The first time I saw him, it was merely a quick glance. You know what they say about a man in a uniform. Well, this one... he actually did something for me. No man had ever had that kind of effect on me.
It started one spring night. I had the windows open to let in some fresh air. My husband, daughter and I were watching television. Lindsay was in bed with her father and I was in the recliner in our room. I got up to use the bathroom. Just as I was finishing there was a loud crash. Then my darling husband screamed at my daughter. “You bitch. What the hell were you thinking?”
I ran into the room and saw that his mother's lamp was smashed on the floor. She had innocently moved the pillow and knocked the ceramic lamp onto the hardwood. Lindsay got down on the floor and tried to pick up the pieces.
“You're so stupid. What are you doing? You'll cut yourself.”
My daughter yelped as a piece of the ceramic nicked her finger.
“I told you, you dumb ass.”
I scooped her up and carried her to her room. She was crying. I checked her finger. It was a minor cut, but I was sure it hurt. As I went to get a band-aid, he yelled at me to clean up the mess. Well, one thing led to another and he ended up back-handing me. This was the first time a neighbor heard and called the police. Kent jogged down the stairs to answer the door.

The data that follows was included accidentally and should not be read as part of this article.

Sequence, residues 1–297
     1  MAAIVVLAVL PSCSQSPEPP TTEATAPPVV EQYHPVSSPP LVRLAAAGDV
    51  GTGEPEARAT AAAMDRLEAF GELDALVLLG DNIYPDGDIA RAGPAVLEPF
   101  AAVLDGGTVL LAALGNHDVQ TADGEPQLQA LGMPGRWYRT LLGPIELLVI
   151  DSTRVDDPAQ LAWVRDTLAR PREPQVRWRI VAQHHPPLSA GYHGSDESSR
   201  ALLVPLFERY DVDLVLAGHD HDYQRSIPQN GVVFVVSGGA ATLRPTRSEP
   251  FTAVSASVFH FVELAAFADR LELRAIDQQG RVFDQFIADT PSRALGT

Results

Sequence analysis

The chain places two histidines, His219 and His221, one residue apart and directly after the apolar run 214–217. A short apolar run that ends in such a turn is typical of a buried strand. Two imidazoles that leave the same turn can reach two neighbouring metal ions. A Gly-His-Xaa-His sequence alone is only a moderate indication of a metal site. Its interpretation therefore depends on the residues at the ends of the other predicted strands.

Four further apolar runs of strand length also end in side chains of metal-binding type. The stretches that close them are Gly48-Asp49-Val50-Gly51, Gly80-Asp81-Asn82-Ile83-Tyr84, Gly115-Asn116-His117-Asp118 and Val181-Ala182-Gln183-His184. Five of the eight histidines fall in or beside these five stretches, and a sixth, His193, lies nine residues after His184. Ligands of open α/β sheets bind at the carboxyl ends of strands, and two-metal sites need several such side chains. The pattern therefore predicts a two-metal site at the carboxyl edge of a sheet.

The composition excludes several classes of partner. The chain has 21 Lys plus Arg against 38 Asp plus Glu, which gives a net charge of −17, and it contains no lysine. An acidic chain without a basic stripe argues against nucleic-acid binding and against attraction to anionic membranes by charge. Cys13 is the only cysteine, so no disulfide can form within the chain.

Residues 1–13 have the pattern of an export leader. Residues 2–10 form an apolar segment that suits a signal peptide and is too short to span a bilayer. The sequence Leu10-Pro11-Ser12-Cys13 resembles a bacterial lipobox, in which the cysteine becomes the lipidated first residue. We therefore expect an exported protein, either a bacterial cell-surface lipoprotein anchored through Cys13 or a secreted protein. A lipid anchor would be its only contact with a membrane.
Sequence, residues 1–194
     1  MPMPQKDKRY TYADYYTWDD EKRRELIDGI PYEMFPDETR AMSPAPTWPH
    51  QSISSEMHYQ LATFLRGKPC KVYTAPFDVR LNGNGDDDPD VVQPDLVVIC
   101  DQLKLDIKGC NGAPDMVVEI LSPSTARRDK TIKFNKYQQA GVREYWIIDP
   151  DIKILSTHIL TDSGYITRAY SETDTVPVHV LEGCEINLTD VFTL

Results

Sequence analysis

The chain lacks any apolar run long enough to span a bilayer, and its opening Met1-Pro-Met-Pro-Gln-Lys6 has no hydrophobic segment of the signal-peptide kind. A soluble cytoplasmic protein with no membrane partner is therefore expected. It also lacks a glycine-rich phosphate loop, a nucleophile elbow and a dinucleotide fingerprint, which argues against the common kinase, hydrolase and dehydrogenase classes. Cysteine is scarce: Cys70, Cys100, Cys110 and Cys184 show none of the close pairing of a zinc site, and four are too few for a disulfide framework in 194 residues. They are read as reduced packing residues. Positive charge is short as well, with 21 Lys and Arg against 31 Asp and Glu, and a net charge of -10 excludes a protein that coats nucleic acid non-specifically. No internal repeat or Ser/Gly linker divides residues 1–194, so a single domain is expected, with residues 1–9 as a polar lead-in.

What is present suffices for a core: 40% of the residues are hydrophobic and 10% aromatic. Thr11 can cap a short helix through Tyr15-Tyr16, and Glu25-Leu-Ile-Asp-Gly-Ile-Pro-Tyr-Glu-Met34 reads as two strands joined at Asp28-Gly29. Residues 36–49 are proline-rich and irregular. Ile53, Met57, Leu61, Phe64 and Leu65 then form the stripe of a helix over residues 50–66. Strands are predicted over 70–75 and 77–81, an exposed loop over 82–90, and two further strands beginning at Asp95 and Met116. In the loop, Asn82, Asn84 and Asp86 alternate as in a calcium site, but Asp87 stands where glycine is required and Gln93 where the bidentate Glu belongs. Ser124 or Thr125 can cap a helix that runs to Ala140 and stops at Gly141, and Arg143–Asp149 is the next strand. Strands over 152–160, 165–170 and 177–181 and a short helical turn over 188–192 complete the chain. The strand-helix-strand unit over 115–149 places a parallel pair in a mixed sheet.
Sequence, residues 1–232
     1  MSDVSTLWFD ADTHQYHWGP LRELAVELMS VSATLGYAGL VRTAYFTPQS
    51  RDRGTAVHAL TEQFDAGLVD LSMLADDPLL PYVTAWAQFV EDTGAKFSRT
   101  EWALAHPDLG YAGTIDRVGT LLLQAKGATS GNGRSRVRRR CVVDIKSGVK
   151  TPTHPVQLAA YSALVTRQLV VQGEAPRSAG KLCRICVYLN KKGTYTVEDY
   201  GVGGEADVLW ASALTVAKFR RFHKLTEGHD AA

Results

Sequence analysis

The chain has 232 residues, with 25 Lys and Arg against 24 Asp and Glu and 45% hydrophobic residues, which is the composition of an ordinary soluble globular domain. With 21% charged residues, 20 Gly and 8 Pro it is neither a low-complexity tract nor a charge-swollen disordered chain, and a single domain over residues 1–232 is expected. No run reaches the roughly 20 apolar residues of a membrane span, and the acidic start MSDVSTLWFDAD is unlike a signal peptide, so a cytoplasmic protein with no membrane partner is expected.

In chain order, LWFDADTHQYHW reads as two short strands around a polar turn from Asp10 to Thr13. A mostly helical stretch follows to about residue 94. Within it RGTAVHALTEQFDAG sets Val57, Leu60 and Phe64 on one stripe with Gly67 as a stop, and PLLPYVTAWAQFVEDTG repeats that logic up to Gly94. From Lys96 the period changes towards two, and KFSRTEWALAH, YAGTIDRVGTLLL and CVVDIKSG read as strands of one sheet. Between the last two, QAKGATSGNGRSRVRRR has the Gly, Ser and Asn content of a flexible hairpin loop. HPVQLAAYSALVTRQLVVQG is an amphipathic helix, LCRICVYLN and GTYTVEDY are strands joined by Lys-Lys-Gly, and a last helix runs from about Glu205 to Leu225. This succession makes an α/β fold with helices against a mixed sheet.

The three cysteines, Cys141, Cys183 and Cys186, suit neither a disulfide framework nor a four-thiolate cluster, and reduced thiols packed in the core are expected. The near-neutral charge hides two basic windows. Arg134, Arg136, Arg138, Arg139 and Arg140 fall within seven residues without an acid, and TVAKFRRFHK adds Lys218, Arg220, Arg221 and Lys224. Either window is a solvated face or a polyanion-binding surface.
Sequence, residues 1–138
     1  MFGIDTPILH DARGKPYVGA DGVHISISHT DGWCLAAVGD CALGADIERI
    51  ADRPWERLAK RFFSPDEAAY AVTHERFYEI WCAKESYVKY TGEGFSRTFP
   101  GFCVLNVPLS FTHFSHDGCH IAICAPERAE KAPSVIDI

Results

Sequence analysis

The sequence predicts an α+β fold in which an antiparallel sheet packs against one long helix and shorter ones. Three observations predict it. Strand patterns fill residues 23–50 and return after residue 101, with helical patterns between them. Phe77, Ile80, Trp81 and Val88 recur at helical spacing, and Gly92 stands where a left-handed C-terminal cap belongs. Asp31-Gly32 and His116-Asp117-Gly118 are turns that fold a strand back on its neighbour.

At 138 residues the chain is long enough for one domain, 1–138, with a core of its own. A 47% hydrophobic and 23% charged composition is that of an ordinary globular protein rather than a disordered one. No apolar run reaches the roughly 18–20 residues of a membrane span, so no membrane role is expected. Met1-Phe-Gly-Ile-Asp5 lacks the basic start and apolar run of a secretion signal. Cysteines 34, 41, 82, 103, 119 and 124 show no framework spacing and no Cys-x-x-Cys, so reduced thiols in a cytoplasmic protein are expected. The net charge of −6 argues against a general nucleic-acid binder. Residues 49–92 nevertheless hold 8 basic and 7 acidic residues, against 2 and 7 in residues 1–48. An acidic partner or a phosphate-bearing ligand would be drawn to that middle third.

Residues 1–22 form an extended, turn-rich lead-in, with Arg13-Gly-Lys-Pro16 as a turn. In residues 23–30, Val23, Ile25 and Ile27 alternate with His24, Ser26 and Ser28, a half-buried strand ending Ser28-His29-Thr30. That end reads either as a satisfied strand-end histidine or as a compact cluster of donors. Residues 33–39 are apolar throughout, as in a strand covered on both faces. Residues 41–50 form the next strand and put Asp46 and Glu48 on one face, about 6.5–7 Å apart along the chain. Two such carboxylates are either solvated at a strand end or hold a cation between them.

“Hello, Officer. What can I help you with?” he asked calmly.
“We had a complaint about a loud noise and a lot of yelling. The neighbor was concerned.”
“Oh, oh, yes. Everything is fine. My daughter knocked a large lamp on the floor and it crashed pretty loudly. My wife yelled at her. Everything's fine. Thank you for stopping by.”
I peeked around the corner at the top of the stairs. Kent tried to close the door, yet the officer stopped it with his hand.
“If it's alright with you, Sir, I would like to see your wife and daughter.”
“Oh, oh sure. Darling, bring Lindsay downstairs.”
As I picked up my daughter I begged her not to say anything to the police about her father yelling.
“Okay, Mommy,” she whispered.
I wiped her tears and carried her to the front door. I kept my left profile hidden in my daughter's hair for fear swelling had already begun.
“Ma'am,” he said, tipping his hat. “Are you and your daughter in any danger?”
I gazed at him for a split second then looked away. “We are fine. She has a small cut on her finger, but we are both fine.”
“Okay, then. I'm sorry to have bothered you. Have a good night.”
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